If this awkward fact is apparent even to many traffic engineers, why do so many cities relentlessly continue to install more, bigger, and costlier traffic signals, often in locations that see barely a trickle of traffic? 

Traffic engineers claim that they install signals to satisfy public demand, but common sense would tell you that most users of public roads--pedestrians included--are far from anxious to see even more signals impeding their movement. The noisy few who do clamor for more signals--usually under the banner of greater safety--are in for a surprise. Contrary to standard dogma, intersections with signals are generally no safer than those without, and in fact may even be more dangerous. Again, the Arizona DOT: 

Graph comparing traffic fatalities at intersections with
a) traffic signals, b) signage, and (c) no controls at all.
Purple represents urban areas, maroon rural ones.
Compare traffic fatalities for signalized intersections
(first column) versus no controls at all (last column).
Source: U.S. Department of Transportation, 2007.
“While many people realize that traffic signals can reduce the number of angle collisions at an intersection, few realize that signals can also cause an increase in other types of accidents (it has been well documented that other types of accidents, notably rear-end collisions, usually increase when a signal is installed)...When there is no angle accident problem at an intersection...the installation of traffic signals can actually cause a deterioration in the overall safety at the intersection.”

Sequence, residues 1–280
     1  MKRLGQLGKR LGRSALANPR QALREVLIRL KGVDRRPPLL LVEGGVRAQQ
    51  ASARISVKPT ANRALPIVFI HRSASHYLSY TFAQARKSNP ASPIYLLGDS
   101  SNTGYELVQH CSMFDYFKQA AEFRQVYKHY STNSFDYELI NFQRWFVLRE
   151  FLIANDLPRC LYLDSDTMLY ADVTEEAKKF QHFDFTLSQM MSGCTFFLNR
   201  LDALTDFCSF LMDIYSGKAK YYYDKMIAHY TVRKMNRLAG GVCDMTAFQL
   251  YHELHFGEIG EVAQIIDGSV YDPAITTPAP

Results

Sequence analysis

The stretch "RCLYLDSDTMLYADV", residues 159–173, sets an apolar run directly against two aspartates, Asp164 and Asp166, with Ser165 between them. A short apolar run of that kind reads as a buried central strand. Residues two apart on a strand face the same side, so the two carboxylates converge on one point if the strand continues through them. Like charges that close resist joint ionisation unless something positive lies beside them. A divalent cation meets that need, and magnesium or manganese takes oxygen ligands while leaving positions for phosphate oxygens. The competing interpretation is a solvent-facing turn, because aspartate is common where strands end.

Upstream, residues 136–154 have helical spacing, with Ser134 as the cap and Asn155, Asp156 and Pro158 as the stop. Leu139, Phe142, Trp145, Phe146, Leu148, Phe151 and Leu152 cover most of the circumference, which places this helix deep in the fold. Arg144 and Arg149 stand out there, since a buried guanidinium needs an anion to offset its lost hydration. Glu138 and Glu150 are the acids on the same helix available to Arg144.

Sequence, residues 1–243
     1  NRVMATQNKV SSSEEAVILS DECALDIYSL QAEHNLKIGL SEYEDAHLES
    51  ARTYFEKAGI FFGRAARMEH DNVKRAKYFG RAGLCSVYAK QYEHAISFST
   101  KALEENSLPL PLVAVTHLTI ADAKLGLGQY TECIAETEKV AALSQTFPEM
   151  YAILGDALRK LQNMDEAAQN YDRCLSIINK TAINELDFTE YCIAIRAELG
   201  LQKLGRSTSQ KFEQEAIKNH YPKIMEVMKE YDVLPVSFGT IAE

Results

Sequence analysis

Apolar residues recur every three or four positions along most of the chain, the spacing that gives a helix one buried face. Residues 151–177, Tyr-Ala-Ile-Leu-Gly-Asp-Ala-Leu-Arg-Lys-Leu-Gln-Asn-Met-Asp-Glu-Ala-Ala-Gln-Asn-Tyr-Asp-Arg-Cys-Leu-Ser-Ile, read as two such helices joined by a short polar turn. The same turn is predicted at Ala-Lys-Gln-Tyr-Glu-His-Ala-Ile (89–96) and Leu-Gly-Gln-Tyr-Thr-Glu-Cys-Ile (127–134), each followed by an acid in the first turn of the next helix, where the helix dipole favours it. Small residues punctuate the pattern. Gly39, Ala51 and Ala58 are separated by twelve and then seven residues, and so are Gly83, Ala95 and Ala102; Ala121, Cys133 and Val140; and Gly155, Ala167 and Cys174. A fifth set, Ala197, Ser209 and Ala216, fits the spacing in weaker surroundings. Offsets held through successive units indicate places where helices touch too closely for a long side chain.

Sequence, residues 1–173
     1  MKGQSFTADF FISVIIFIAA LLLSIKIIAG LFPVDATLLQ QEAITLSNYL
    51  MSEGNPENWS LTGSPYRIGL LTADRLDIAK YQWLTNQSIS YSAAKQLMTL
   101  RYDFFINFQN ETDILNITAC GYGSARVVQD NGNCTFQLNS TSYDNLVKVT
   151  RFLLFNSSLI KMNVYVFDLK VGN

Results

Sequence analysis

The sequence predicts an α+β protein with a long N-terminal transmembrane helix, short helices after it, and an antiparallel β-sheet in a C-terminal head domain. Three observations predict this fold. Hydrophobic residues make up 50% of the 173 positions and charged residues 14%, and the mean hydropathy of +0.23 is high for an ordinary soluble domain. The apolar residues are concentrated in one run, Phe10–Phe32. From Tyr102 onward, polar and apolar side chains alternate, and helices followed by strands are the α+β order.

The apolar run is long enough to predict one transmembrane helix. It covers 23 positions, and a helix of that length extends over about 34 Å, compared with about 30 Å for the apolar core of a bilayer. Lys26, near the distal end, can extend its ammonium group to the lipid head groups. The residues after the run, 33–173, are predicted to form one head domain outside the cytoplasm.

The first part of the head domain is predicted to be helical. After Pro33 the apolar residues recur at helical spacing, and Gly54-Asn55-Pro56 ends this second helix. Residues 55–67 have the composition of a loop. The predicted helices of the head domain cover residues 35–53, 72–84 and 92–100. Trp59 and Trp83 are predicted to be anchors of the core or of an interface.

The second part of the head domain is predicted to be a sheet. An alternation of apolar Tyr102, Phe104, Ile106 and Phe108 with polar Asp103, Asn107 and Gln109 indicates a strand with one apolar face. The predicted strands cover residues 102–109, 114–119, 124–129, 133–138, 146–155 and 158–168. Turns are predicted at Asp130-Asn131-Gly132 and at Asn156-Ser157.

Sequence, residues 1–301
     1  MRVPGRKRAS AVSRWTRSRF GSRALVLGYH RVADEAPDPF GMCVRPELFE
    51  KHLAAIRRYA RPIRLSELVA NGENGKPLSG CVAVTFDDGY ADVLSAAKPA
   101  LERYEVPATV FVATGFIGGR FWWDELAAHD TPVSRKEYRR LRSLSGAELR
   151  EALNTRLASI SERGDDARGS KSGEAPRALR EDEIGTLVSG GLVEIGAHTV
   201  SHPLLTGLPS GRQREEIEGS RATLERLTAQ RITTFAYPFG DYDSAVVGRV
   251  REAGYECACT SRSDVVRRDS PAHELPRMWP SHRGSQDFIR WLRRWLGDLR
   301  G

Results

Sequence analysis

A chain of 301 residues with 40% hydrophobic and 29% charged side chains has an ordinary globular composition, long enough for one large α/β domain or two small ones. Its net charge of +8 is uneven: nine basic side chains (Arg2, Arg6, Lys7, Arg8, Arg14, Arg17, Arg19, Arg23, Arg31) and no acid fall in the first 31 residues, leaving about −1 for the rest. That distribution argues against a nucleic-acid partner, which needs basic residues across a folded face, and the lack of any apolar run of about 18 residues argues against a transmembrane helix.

Furthermore, Arizona’s DOT states:

“Because of the widespread (public) belief that traffic signals offer the solution to all intersection traffic control and accident problems, a number of signals have been installed nationwide where no legitimate operational warrant exists. Traffic records clearly show the attitudes and misunderstandings which sometimes lead to unjustified installations should be resisted.”

Yet not all traffic departments are so enlightened. Many are too deeply invested in all that complex and expensive signal hardware to offer simpler solutions even when they exist. For their part, signal manufacturers want to sell more of their product, not less, and they put considerable effort into convincing traffic engineers that more is always better. These two forces along will guarantee that redundant signal installations will continue unless the public demands simpler, cheaper, and more effective solutions.